Bahraini police fired tear gas and stun grenades at hundreds of demonstrators at a pro-democracy protest in the capital, Manama. Thousands joined in for a second march after the initial rally was forcefully dispersed.
Riot police clashed with participants in the "Destination Manama" rallies, which called for the right to self-determination and increased freedoms for the country’s Shiite Muslim majority.
Protesters chanted “We want freedom!”, “Democracy!”, “Free Nabeel Rajab!” and even “Down, down, down Hamad!” The last was in reference to King Hamad bin Isa al-Khalifa, the head of Bahrain’s ruling monarchy.
A YouTube video from "Destination Manama" showed men and women fleeing security forces as shooting was heard in the background.
Bahrain's Interior Ministry, meanwhile, wrote on Twitter that its police had stepped in to restore order after groups of “thugs” began rioting and “hurling Molotov cocktails” at law enforcement.
But Sayed Yousif al-Muhafda, from the Bahrain Center for Human Rights, denied the Interior Ministry’s report.
“It was a peaceful protest,” al-Muhafda told RT. “All the people were carrying were Bahraini flags. There were no Molotov cocktails. It was witnessed by human rights organizations and journalists."
After the first protest was dispersed and arrests were made, demonstrators regrouped and continued their rally.
Thousands joined in for the second march, led by main opposition bloc al-Wefaq, Reuters reported. Their slogan was "Stop the shedding of our blood, we will not give up our demands."
Bahrain, which hosts the US Navy’s Fifth fleet, continues to see almost daily demonstrations and clashes.
The country's Shiite majority demands a bigger role in running the country, which is controlled by the Sunni al-Khalifa family.
At least 50 people have died in nearly 20 months of unrest, with a 16-year-old boy becoming one of the latest victims.
Thousands of anti-government activists have been arrested, says the Bahrain Center for Human Rights. This includes human rights activist Nabeel Rajab who, after several detainments, was sentenced to three years in jail for “participation in an illegal assembly” and “calling for a march without prior notification.”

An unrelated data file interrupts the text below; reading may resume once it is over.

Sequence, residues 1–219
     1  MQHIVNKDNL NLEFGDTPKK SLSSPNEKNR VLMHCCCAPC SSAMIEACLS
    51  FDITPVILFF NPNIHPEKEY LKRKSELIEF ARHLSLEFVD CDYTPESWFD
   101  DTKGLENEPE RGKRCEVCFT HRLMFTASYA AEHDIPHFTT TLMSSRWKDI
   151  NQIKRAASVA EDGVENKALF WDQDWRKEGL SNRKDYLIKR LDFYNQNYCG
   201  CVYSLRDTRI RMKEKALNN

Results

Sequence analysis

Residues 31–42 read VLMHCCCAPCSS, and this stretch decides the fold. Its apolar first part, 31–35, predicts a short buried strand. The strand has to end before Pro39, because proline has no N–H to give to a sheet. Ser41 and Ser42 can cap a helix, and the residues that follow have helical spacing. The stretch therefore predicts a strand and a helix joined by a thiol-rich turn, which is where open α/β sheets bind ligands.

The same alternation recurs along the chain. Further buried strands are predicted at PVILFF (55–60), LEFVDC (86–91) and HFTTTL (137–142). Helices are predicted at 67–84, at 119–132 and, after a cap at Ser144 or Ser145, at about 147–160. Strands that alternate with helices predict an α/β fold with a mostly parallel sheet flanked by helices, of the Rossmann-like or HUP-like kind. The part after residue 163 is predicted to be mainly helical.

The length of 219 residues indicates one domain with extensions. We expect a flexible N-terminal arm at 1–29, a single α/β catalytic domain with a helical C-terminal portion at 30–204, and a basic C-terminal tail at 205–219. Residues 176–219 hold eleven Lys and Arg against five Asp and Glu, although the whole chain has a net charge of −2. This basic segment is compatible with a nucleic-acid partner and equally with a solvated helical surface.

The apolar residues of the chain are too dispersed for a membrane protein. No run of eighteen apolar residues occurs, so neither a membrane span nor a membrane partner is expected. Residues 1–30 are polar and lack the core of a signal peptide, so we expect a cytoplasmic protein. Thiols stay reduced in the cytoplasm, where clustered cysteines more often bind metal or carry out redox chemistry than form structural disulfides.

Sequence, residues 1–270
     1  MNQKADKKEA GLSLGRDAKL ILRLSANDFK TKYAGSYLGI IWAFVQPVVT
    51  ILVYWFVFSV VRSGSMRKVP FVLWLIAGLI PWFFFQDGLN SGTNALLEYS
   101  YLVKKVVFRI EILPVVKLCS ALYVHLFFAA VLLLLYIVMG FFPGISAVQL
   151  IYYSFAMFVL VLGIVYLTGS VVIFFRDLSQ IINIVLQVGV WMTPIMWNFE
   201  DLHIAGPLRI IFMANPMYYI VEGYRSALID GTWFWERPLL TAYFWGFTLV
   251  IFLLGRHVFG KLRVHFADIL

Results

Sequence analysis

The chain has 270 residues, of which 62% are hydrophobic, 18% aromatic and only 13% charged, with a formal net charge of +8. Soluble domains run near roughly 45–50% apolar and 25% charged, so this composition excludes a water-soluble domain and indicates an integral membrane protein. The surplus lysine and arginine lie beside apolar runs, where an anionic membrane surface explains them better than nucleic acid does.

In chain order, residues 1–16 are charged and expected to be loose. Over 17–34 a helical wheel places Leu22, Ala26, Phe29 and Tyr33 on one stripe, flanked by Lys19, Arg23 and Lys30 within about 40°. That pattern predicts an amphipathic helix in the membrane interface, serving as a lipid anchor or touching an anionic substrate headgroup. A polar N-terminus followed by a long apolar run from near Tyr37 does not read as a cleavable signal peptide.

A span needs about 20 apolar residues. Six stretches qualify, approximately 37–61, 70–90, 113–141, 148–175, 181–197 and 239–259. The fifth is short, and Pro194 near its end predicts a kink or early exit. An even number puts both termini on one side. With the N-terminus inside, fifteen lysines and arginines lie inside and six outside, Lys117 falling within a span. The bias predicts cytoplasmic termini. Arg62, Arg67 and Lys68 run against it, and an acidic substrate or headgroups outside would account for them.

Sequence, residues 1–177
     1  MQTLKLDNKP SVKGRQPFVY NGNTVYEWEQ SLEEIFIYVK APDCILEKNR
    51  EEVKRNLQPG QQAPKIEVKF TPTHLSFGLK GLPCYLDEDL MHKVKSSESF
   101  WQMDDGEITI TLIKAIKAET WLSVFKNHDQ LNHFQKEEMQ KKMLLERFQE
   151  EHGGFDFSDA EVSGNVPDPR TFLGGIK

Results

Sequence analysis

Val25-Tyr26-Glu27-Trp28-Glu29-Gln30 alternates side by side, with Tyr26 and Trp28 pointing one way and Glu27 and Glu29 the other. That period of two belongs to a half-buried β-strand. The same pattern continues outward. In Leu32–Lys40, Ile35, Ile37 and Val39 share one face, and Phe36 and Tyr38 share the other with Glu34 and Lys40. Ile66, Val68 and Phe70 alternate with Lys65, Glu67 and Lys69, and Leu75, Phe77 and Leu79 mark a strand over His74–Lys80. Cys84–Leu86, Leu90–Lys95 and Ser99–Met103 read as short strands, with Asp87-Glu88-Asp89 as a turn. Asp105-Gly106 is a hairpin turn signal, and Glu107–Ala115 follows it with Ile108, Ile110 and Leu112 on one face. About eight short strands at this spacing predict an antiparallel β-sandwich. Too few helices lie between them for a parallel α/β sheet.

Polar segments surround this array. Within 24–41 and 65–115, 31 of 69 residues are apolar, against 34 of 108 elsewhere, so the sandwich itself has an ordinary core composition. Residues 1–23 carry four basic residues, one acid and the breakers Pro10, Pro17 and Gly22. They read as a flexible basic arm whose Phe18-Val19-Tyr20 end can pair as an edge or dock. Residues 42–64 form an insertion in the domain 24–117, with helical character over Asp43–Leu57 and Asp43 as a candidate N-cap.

Discussing with RT why the popular uprising in Bahrain does not get as much coverage in the Western media as revolts in Egypt, Libya and other countries, Dominic Kavakeb, from Bahrain's Justice and Development Movement, says the current leaders of Bahrain are viewed as allies in the West, hence the leniency among journalists. The West just wants to keep up al-Khalifa’s rule, he said.
“What they don’t realize, however, is that they have huge leverage to convince Bahrain into reforms,” says Kavakeb. “The reality is that when Bahrain is calling for democracy and change, it does not have to be against the West’s interests. It would actually be much more in the interest of the entire world to have a democratic and stable country.”
But geopolitical analyst Patrick Henningsen believes the US and other Western countries are looking to sustain the Shiite uprising in Bahrain instead of allowing reforms. He explains it by the high probability that the country's Shiite majority coming to power would not tolerate any confrontation with Iran.
“The US will not tolerate any sort of democratic reform or uprising in Bahrain, because they need a hardcore dictatorship in place. There are obviously many military assets they’ve got in the country. They also rely on the Bahraini royal family to support them in Israel, and if not in isolating or positioning to attack Iran, then at least in minimizing the influence the Persian country has in the region,” Henningsen told RT.